Why was the city of Shechem an important archaeological find? The ancient city of Shechem plays a prominent role in the Bible. The Lord spoke to Abraham near Shechem after commanding him to leave his home in Haran (Genesis 12:1-7). Jacob later settled near Shechem after leaving his father-in-law Laban in Padan Aram (Genesis 33:18). Simeon and Levi killed all the males of Shechem after the rape of their sister Dinah (Genesis 34). Shechem was allotted to the tribe of Ephraim following the Israelite conquest of the Promised Land (Joshua 20:7). Joseph was buried in Shechem after his body was exhumed and brought from Egypt (Joshua 24:32). Rehoboam was crowned in Shechem following the death of Solomon (1 Kings 12:1). Shechem briefly served as Jeroboam's capital following the division of the Kingdom into the Northern and Southern Kingdoms (1 Kings 12:25). And although the city no longer existed in Jesus' day, it was the original site of Jacob's Well where Jesus spoke with the woman of Samaria (John 4:1-42).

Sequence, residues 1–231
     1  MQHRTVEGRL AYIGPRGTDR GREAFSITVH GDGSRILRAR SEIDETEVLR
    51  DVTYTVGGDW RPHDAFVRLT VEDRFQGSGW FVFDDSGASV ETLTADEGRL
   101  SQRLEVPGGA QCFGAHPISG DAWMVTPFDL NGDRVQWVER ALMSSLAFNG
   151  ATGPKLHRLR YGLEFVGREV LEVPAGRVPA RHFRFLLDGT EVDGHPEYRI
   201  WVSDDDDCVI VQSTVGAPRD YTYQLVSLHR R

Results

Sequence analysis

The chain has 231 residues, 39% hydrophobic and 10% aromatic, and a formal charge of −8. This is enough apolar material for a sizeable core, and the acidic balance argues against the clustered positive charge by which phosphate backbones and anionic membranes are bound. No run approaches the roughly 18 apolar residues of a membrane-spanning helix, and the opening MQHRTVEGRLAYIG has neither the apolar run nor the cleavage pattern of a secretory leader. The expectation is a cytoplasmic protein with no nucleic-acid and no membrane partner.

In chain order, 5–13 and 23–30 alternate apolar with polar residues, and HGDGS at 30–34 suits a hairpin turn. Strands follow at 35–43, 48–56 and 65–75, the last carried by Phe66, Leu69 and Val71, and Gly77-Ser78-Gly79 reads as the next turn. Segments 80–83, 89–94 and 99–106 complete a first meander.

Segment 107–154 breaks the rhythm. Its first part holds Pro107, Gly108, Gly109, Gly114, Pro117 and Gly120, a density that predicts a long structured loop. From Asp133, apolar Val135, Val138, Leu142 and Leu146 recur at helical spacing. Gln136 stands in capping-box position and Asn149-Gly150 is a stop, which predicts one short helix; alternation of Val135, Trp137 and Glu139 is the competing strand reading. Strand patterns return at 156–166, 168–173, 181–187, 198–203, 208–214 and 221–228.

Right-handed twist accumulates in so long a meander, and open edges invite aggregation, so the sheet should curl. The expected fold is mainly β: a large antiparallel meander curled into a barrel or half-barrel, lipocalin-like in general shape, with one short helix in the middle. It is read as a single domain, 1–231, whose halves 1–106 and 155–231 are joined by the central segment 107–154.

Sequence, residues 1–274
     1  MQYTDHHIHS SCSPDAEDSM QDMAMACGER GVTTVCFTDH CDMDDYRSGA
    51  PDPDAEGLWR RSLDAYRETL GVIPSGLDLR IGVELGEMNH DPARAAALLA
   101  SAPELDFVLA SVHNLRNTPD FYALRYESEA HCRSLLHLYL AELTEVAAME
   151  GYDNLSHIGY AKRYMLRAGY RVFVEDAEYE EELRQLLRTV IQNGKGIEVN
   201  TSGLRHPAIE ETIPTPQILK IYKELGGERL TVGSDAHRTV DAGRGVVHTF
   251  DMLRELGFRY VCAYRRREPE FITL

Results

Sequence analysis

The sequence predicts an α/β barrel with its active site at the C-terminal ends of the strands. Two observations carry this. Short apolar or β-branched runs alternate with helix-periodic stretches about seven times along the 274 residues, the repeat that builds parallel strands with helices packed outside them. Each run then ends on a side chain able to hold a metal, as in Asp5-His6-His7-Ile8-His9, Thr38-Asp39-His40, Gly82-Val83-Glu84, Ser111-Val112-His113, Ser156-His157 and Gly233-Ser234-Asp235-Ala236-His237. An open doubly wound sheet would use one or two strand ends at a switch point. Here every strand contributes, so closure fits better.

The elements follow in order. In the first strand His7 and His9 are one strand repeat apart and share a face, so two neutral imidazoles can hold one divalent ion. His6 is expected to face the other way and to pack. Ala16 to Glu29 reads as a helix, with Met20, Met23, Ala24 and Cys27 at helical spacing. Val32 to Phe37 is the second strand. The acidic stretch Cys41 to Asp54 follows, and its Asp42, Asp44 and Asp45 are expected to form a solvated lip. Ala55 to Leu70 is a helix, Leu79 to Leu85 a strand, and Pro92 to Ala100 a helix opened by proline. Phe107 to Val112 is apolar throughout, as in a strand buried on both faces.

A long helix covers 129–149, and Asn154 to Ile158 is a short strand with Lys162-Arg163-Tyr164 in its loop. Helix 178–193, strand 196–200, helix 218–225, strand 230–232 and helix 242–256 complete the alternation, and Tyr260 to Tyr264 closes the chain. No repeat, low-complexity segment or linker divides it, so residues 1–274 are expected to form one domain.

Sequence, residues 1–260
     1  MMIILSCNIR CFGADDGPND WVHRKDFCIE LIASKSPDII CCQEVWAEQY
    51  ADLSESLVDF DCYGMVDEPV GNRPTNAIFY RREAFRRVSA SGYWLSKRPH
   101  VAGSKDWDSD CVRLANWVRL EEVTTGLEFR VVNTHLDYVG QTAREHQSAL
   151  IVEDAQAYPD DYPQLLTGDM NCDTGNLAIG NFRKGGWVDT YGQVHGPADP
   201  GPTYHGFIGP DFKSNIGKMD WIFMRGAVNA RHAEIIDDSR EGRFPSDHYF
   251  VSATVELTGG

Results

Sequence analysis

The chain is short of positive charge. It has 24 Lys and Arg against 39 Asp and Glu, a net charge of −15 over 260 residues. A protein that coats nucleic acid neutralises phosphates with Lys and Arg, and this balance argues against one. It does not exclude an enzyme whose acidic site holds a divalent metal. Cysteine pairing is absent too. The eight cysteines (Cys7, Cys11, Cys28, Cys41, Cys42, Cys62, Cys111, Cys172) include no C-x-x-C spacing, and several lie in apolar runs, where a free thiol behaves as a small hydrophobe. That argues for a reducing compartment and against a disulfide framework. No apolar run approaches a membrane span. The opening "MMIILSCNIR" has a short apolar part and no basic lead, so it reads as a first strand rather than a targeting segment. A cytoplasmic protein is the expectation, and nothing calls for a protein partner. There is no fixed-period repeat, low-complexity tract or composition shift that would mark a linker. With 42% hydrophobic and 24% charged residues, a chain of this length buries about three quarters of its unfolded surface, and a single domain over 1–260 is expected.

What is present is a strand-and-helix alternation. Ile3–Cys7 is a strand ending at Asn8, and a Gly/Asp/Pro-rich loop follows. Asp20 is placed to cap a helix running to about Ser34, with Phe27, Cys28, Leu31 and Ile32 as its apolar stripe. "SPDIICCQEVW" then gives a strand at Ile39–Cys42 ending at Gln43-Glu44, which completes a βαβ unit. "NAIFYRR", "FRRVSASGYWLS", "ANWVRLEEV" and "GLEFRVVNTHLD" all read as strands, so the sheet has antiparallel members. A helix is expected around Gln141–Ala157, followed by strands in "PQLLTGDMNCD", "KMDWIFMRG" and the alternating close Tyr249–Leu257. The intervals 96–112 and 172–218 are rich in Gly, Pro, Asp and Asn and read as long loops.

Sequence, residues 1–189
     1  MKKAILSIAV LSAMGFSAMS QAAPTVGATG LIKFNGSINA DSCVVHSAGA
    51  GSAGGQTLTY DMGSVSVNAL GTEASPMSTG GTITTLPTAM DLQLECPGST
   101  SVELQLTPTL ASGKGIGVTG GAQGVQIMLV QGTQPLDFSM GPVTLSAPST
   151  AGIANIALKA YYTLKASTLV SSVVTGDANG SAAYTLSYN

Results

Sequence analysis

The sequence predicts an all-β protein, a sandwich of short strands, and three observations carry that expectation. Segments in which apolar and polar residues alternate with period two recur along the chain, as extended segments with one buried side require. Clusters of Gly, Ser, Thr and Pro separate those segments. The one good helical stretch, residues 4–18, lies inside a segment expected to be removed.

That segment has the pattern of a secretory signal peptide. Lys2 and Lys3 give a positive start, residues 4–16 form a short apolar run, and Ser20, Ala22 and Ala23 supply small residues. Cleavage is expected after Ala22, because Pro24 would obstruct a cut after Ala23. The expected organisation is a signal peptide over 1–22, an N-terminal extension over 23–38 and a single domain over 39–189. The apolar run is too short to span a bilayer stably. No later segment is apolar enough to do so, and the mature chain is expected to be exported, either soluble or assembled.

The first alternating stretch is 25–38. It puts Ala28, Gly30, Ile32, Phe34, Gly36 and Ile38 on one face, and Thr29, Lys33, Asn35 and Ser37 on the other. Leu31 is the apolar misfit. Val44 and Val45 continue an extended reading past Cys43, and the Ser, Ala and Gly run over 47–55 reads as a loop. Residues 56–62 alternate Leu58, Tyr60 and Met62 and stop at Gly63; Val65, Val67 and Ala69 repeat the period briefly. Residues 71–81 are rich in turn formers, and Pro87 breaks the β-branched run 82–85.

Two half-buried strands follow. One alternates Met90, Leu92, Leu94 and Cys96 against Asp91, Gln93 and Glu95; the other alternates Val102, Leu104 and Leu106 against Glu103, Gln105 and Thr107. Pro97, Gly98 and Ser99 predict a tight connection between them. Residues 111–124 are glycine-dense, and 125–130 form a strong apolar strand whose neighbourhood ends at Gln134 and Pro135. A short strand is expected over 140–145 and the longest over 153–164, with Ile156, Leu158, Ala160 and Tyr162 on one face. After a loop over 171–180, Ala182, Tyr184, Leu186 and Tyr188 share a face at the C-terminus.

The city of Shechem is mentioned by name in Genesis, Joshua, Judges, 1 Kings, 1 Chronicles, 2 Chronicles, Psalms, Jeremiah, and Hosea. When the city of Shechem was discovered it was thus a great source of vindication for the biblical record.
Shechem is mentioned by other historical sources outside of the Bible including an Egyptian Stele and the writings of Josephus.
This excavation has been identified as the Temple of Baal Berith (Judges 9). Funds generated at this temple financed Abimelechís government. Itís also the building where Shechemís people took refuge during Abimelech's attack.
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